The design uses hand-made terracotta bricks with good physical properties as the base material of the project. The four-layer bricks are stacked in groups and misaligned to form a super-scale red “canvas”. In the brick hole, the light and shadow changes formed by different masonry effects such as rotation and filling are used to simulate the painting techniques of Chinese traditional painting, namely, lifting, outlining, foreshadowing, and shading. 

Translation from Ink and Wash Painting
Translation from Ink and Wash Painting

The specially made terracotta bricks must undergo a secondary processing in order to be dismantled into the basic units required for construction. The random cross-section effect formed during disassembling is mixed with the smooth effect of the original bricks to create a wall surface with different level of roughness and different shade intensities, further enriching the visualsense of layering.

© Li Yao
© Li Yao

The logically clear and diversified brick building techniques and construction techniques abstractly reproduced the “mountain” image in the Dwelling in the Fuchun Mountains on the south main facade of the building, and constructed a delicate and vivid trans-boundary artistic expression.

© Li Yao
© Li Yao

Multi-layer Superimposition of Cavalier Perspective
Traditional Chinese painting is a kind of artistic creation based on scatter perspective, and its flatness contrasts with the true visual depth of human beings. The architect tried to combine the characteristics of the site to reproduce this non-daily flat visual art effect by superimposing multiple layers of visual elements in deep space. The design takes the distant mountain background of the site as the natural distant view, with the brick building texture of the building facade as the middle-shot of the picture, and the 30-meter wide green belt between the buildings and the No. 320 national highway as the foreground, and by heaping slopes, planting trees, group planting and other site processing and landscaping methods, a close-up view is reconstructed that people is able to walk into and to perceive and experience.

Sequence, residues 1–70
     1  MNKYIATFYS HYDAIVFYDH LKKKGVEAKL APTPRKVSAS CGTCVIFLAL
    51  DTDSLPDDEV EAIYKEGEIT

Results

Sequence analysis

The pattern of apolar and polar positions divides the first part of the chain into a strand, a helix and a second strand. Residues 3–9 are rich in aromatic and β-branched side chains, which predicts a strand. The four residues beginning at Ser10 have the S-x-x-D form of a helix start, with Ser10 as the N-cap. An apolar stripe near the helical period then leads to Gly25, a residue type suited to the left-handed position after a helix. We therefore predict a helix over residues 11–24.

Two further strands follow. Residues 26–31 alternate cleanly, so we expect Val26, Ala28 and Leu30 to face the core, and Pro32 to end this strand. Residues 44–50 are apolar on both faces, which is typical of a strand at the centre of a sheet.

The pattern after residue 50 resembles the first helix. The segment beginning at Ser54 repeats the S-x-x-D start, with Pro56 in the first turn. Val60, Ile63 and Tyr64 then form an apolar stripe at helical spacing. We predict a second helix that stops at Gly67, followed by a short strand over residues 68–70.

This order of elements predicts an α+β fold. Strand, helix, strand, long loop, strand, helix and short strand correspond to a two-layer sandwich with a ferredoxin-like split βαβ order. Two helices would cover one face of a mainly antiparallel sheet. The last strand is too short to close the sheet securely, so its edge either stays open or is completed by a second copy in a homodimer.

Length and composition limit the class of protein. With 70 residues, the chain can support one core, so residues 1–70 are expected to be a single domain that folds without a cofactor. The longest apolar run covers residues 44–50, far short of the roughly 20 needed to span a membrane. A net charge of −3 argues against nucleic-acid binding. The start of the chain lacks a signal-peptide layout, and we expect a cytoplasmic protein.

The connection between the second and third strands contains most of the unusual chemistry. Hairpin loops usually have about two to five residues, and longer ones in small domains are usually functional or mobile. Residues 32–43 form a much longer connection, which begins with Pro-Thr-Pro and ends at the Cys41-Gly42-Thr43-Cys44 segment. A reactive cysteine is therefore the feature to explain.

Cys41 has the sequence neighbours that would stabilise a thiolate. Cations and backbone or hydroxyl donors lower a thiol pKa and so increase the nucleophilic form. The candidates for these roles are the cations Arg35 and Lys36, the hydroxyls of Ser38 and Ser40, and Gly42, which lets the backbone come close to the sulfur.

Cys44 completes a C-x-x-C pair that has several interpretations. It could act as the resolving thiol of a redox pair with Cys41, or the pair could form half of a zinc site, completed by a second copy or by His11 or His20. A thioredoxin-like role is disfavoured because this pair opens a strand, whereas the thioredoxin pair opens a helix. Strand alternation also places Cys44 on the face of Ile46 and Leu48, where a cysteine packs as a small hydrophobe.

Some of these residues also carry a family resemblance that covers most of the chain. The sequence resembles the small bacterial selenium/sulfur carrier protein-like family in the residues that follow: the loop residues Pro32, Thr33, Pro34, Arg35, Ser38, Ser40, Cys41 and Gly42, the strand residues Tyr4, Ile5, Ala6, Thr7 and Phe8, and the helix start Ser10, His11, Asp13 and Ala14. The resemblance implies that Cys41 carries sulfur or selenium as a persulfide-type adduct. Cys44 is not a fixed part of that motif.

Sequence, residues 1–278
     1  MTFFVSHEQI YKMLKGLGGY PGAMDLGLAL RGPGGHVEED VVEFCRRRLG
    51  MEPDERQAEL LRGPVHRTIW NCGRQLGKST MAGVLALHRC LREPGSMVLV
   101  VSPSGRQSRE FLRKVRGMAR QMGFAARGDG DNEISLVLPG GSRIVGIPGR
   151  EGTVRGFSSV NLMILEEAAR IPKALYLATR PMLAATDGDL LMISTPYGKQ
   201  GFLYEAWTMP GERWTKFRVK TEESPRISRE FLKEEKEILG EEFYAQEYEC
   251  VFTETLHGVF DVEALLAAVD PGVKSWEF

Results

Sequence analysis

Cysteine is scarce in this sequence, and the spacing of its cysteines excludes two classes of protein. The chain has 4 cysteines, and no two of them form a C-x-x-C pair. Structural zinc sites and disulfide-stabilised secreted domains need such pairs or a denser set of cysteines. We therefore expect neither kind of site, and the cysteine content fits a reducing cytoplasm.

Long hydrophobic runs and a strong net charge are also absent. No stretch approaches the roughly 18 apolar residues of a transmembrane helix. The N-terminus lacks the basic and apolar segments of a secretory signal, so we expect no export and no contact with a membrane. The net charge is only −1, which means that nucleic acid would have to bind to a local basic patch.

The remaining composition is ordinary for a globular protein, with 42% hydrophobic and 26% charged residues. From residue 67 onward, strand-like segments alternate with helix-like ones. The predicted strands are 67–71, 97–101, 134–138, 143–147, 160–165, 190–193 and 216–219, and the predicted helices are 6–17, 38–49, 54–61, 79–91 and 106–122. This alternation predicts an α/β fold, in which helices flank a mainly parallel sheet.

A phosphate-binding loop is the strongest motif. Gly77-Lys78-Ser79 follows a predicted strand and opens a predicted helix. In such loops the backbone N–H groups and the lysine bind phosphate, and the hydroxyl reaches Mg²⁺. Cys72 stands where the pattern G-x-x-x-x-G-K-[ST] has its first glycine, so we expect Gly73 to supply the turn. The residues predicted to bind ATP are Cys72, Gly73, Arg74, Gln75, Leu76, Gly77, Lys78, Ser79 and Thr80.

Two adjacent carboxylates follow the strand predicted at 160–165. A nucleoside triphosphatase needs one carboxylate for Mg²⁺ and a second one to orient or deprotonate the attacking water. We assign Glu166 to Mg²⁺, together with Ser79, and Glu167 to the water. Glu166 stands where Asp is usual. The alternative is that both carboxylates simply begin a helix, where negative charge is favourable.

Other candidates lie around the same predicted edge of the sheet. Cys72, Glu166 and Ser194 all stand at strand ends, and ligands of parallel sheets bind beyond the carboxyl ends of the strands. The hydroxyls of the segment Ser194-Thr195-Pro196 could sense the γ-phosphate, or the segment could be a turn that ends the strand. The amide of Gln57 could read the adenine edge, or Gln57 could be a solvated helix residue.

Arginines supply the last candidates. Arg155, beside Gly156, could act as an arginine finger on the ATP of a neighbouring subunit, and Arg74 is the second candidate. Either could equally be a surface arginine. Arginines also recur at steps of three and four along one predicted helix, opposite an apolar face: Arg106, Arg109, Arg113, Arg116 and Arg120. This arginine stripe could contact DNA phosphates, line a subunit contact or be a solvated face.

© Li Yao
© Li Yao

The “accessible” close-up view, the “visible” middle-shot and the “distant” background combine to form different visual experience scenes from different viewing perspectives, and provide pedestrians and vehicles with strong non-daily visual experience.

© Li Yao
© Li Yao

Meanwhile, another expression of the whole project – the nature-oriented blanking interface of the Phase II project, is still carefully carried forward in the guiding ideology of protecting the site ecology. For today’s emphasis on industrial upgrading and the importance of new industries, this Phase II industrial cluster that is organically integrated with the natural environment may have greater practical significance.

© Li Yao
© Li Yao

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About this office
Cite: "Inventronics Tonglu Production Factory (Phase1) / GLA" 05 Feb 2019. ArchDaily. Accessed . <https://www.archdaily.com/898943/inventronics-tonglu-production-factory-phase1-gla/> ISSN 0719-8884
© Li Yao

英飞特LED驱动器杭州生产基地 / GLA 六和设计